Bicycling is a cheap and healthy way to get around, but a steep hill can become a casual cyclist’s Achilles’ heel. Luckily, the Norwegian city of Trondheim has a solution to this problem – a bike escalator.
Invented in the 90’s by a commuter who grew tired of showing up to work sweaty and exhausted, the Trampe lift, recently upgraded and reinvented as the CycloCable, has already carried over 200,000 bicyclists up this 150m-long cyclist deterrent. The curious escalator has become a tourist magnet as well.
CycloCable is very similar to a ski lift in terms of functionality. The device is seamlessly integrated into the road, with the design structure placed just below the street surface for a safer experience. To use CycloCable, all you need to do is punch in your keycard into a special slot and push the green button at the start station. Then you wait for the footplate; once it arrives, you stand up on your bike and put your right foot on the metal plate and shift your body weight onto the right leg.
Cyclists who place one foot on the escalator’s angled platform will be pushed uphill at a speed of 5mph. Up to 5 people can use it simultaneously and it is not limited to bicycles, as it can carry basically any small wheeled transport with its owner, be it a kid with scooter or a mother with a baby stroller.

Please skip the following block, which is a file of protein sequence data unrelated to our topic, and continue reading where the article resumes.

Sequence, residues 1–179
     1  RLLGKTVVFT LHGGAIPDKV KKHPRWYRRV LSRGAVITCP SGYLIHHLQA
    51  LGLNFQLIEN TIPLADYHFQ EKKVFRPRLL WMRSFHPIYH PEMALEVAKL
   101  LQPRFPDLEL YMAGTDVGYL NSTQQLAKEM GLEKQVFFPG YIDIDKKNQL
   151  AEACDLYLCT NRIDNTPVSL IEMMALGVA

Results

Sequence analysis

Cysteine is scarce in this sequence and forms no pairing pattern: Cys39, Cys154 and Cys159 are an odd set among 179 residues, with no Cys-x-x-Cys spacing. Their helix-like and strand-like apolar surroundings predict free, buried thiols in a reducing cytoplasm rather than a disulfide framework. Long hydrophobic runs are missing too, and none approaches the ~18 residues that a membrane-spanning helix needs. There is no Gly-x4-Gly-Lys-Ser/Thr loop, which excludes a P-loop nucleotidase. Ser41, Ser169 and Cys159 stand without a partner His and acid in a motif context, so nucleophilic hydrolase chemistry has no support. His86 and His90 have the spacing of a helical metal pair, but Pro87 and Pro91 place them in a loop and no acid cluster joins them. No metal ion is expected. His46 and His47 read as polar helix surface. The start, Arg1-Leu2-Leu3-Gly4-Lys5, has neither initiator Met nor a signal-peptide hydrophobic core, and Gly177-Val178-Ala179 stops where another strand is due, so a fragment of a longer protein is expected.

While Trondheim is the first place in the world to have its very own Cyclocable, the French company that invented the system – POMA Group – is keen to introduce it to other cities. Many cities in Europe, Asia and North America have expressed interest, but POMA would like to test the CycloCable’s stability for another season before they decide to expand.
Installing this invention is obviously a great way to boost cycling in hilly cities, but they’ll have to be quite busy – one meter of this elevator costs 2,000-3,000$.
Meanwhile, in Trondheim, tourists are welcome to try out the CycloCable by renting bicycles and keycards. If the videos are any indication though, CycloCable ride looks a bit uncomfortable to use (with all your weight on one side), and extremely slow. On the other hand, it does save you the trouble of pedaling uphill, so I can understand why many cyclists, and even pedestrians with strollers, would want something like this in their cities.